“I thought the stuff was great. I thought the command was erratic,” said Verlander, who finished with a 3.31 ERA in 11 regular-season starts after his acquisition at the Aug. 1 trade deadline. “Overall, though, I think I would take the stuff over the control and start to hone that in a little bit. Hopefully between this start and the next one, start to reign that in a little bit and be a little bit more consistent, that’s where I want to be.”

Exactly when, or if, Verlander will receive the chance is a mystery. Starting him on Saturday meant he would not be available again on regular rest until Game 3 of a best-of-three wild card series on Thursday — a game not even guaranteed to be played.

Winning the American League West would allow Houston to bypass the round altogether and, ostensibly, have Verlander available to start Game 1 of a potential American League Division Series at Minute Maid Park. Most clubs would call that a best-case scenario, but the Astros did finish 39-42 at home this season.

“I know a lot of people doubt us, especially the way we’ve played at home,” Maldonado said. “One thing I’m proud of this team (is that) we’ve been in the moment. We know how to win big … We’ve shown what kind of team we are, that we like those moments.”

Winning four of the first five games during this road trip accentuated it. The Astros started this seven-game journey with just 60.1 percent odds to make the postseason, according to FanGraphs.

One sorry game in Seattle notwithstanding, Houston has saved its most fundamentally sound baseball for its biggest games of the season. Two clutch hits from struggling slugger José Abreu have accounted for all three of their runs against Arizona. Reigning Gold Glover Jeremy Peña preserved Friday’s win with a wonderful diving play in the eighth inning to save two runs.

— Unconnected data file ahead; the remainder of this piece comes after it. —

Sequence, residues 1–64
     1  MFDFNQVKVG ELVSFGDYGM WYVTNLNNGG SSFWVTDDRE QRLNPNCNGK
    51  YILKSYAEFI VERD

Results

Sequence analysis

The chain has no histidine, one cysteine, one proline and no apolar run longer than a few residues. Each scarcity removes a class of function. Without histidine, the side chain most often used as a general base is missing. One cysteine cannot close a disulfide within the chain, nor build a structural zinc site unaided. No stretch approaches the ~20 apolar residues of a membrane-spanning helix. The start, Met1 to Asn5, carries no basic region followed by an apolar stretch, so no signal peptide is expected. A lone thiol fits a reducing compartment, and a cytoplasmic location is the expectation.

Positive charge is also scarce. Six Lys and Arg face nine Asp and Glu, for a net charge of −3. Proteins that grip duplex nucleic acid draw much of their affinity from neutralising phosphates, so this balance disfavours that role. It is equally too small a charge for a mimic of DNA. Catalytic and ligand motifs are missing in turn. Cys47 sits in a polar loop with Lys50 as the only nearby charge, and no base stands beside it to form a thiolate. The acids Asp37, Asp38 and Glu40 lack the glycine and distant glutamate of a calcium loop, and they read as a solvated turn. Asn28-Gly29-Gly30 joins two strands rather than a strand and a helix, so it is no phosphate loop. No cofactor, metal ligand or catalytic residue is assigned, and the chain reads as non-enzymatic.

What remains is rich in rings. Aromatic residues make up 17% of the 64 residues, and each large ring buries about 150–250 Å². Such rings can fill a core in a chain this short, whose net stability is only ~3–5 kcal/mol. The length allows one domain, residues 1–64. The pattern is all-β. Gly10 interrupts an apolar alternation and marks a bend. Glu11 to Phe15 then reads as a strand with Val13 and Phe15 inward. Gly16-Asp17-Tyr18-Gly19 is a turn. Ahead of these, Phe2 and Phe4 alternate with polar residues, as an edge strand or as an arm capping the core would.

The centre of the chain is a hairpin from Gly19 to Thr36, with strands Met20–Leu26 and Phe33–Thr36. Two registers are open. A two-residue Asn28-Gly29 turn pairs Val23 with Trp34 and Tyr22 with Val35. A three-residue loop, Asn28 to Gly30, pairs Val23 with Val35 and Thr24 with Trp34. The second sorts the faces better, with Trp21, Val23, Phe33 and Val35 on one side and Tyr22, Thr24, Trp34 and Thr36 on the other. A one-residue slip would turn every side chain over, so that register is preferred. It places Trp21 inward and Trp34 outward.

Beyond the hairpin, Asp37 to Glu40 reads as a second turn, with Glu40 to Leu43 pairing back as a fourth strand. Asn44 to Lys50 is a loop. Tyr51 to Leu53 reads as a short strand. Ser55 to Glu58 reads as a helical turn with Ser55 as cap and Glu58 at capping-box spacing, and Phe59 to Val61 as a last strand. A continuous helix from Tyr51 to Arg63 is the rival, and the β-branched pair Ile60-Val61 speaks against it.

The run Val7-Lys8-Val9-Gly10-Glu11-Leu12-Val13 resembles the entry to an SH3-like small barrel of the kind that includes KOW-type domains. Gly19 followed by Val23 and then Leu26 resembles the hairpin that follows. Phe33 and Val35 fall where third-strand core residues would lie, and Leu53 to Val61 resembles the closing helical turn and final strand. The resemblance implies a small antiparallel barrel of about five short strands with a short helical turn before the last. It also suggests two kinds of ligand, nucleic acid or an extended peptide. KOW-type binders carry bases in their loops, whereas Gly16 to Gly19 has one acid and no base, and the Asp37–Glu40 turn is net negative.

On Saturday, reliever Bryan Abreu surrendered a leadoff single to Jake McCarthy in the ninth inning. Maldonado threw him out trying to steal second base. The beleaguered catcher hadn’t caught a base stealer since July 30. Afterward, he credited Abreu for his season-long dedication to improving times to home plate while Houston’s pitching staff tries to better control the running game.

Abreu procured two more outs to finish off a plucky Arizona club already looking forward to its own celebration. The Cincinnati Reds’ loss to the St. Louis Cardinals went final during the seventh inning, delivering the D-Backs their first postseason appearance since 2017.

Arizona Diamondbacks players celebrate in the Chase Field pool on Saturday after clinching a wild-card playoff spot. (Chris Coduto / Getty Images)

They celebrated as a club in that situation should, spraying champagne throughout their clubhouse before bringing the party to the pool in right field.

Live coverage of the chaos played on a few televisions inside a far more tame visiting clubhouse. Players milled about, some eating dinner and others discussing when best to arrive for Sunday’s quick turnaround game at 12:10 p.m. PT.

Most had changed out of the orange shirts forced upon them by Major League Baseball. Others never put one on to begin with.

“Tomorrow is still a big day,” first baseman José Abreu said through an interpreter. “We’re going to wear the shirts tomorrow.

“It’s important that we’re in the playoffs, but tomorrow we still have a big game. This is a team that is still fighting and is not going to rest. We still have a big game tomorrow.”

(Top photo of Astros pitcher Bryan Abreu and catcher Martin Maldonado high-fiving after defeating the Diamondbacks on Saturday: Chris Coduto / Getty Images)